Closer Conundrum: The Case For Pedro Baez


Alright, forget about that monstrous annoying home run that Baez allowed to Matt Holliday in last year’s division series. He should get a serious look to fill in as the closer while Kenley Jansen is recovering from his foot surgery.

One of the most important parts of being a closer is the ability to miss bats. You need a guy who can come in and strike guys out consistently. Kenley of course has that skill in spades. After all you don’t become an elite closer by whiffing 14.0 guys per nine innings by accident. Sigh, I miss Kenley already.

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With Pedro Baez we get a guy who has a blazing fastball. He’s shown us he has the ability to get swings and misses. The 26-year old Dominican right hander was signed by the Dodgers as an amateur free agent in 2007.

Similar to Kenley, Baez was a position player who was converted to a pitcher. Originally he was a third baseman, but he had trouble hitting. After batting just .216 at Chattanooga in 2012, (He hit just .228 at Rancho that year as well) the Dodgers decided to move him to the mound because of his strong throwing arm.

The young flamethrower has a cannon for an arm, and with Kenley’s success the Dodgers felt like they could reproduce something similar with Baez. After putting up a strikeout per nine rate of 8.5, and posting a 3.71 ERA in the minor leagues, the Dodgers called Baez up to the big club in May of 2014.

His first outing was a two inning performance in which he allowed a single and a home run. He was sent back to the minors immediately afterwards. He appeared in one more game in July, throwing a scoreless frame, and wasn’t recalled until later that summer.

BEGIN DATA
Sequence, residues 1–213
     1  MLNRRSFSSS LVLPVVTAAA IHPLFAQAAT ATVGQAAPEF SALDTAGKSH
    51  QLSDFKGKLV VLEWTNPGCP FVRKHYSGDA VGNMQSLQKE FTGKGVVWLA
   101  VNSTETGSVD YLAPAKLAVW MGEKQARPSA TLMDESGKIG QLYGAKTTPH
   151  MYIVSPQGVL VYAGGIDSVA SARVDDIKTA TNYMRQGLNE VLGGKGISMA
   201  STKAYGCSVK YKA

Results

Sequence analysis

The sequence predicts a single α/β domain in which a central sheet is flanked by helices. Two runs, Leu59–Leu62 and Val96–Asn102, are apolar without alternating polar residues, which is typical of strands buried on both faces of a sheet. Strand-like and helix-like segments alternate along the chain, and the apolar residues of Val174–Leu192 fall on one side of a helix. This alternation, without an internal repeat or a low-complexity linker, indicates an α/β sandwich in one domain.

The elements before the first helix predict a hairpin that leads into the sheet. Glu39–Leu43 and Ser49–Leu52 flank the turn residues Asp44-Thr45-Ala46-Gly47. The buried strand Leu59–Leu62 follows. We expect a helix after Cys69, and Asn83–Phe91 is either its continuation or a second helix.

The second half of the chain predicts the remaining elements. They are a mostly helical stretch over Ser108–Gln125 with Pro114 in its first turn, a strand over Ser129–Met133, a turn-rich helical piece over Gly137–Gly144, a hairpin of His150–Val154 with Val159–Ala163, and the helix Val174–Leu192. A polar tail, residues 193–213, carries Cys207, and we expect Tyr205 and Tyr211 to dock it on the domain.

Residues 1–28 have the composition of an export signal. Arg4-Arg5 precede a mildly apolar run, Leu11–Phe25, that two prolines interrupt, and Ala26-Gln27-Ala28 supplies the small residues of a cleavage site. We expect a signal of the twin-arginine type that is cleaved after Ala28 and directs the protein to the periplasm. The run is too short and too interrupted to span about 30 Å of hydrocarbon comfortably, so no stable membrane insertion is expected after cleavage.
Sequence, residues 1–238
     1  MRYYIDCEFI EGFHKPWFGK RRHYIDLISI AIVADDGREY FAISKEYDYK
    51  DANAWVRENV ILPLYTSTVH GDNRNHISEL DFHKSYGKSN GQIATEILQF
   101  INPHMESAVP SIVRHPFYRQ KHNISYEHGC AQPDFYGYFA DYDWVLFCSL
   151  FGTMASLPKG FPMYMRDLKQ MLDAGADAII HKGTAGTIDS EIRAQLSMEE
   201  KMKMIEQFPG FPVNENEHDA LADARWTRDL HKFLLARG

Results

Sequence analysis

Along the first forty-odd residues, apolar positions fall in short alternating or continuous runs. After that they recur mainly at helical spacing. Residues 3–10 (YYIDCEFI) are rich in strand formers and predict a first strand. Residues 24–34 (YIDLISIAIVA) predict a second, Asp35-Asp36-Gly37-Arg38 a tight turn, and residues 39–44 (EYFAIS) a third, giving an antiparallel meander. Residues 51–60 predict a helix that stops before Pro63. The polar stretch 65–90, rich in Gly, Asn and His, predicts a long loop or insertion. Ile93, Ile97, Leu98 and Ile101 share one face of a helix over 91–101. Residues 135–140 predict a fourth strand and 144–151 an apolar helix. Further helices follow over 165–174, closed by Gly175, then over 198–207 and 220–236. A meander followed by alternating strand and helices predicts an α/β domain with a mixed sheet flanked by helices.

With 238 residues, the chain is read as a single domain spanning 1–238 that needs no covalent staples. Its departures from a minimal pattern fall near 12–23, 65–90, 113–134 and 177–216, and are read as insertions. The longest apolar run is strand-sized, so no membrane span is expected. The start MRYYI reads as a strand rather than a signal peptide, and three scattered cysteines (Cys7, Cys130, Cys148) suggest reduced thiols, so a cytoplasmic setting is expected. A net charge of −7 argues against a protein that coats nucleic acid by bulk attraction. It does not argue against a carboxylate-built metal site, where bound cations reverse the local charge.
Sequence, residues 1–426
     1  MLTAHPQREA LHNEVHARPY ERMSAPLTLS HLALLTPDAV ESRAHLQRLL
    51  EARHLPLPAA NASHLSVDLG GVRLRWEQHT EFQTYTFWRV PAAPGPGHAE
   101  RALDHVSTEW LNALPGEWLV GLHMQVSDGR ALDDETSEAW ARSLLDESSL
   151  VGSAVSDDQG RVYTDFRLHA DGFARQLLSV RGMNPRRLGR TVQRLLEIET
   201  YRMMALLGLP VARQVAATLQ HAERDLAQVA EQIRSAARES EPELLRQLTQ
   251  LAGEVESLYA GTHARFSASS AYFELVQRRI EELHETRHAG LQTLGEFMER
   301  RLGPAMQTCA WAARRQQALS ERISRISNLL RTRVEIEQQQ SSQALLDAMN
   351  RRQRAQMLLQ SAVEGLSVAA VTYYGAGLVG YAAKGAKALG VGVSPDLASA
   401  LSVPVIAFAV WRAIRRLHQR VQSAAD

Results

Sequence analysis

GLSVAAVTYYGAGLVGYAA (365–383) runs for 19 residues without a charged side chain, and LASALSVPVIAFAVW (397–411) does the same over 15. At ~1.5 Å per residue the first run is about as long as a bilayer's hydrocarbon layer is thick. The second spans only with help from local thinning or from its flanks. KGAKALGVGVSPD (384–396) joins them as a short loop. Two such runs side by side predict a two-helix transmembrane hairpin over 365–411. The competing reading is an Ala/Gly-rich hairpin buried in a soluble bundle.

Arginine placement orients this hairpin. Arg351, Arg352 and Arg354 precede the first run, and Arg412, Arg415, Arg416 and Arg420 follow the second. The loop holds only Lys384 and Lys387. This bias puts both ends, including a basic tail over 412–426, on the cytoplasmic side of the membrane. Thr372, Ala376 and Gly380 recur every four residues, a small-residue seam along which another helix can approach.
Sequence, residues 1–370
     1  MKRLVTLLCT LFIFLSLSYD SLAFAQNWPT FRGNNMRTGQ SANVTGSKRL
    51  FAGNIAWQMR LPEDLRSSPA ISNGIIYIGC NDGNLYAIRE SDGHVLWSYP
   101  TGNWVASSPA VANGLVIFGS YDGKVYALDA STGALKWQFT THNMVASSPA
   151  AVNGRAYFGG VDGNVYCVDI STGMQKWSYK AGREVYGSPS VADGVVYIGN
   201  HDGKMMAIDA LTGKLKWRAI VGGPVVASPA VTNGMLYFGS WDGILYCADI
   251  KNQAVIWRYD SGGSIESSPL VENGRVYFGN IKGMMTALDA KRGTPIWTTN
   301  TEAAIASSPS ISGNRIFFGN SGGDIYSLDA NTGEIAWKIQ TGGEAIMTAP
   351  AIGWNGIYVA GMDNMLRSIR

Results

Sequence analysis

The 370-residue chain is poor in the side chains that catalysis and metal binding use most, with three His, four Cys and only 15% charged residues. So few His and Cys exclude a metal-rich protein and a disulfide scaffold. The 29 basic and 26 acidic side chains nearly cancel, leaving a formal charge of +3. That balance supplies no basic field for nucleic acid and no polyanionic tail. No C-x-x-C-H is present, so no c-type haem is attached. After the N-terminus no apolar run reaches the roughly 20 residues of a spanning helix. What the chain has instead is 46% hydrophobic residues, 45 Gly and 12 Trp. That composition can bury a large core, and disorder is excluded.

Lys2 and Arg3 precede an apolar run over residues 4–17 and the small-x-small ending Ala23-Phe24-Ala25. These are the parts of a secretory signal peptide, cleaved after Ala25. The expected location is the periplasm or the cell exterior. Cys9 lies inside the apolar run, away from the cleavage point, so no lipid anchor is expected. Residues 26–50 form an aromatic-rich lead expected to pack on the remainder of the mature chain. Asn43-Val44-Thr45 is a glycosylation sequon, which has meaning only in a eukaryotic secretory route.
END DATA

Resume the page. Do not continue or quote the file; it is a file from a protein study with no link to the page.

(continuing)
In August he was finally recalled up and became a regular in the Dodger bullpen. He primarily pitched in middle relief, and instantly impressed everyone with his power pitching. During the month of August he allowed just one earned run on seven hits, whiffing seven in 12.2 innings of work.

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  • He continued his solid pitching into September for the Dodgers. In that month he allowed just four earned runs in nine appearances, and recorded nine strikeouts. His overall numbers were pretty good for a guy who had only been pitching professionally for two years. Baez finished 2014 with a 2.63 ERA in 20 appearances. He whiffed 18 and walked just 5, while allowing seven earned runs on 16 hits in 24 frames. He posted an ERA+ of 135, and his FIP was 3.88. He struck out 6.8 hitters per nine, and allowed just 6.0 hits per nine.

    Baez is primarily a fastball and slider guy, with his heaters touching into the upper 90’s. He does throw an occasional changeup, but hasn’t fully developed it yet. Once he does develop that changeup he could be pretty dangerous. He’s got the stuff, just needs more experience. He reminds me of a younger less refined Kenley. He could blossom as a closer until Kenley returns.

    He exhibited good control, and posted an impressive strikeout to walk ratio of nearly 4-1. He might have shown his rookie colors by hanging a fastball to Holliday in the NLDS last year, but that wasn’t surprising for a young pitcher thrown into a pressure situation in October for the first time.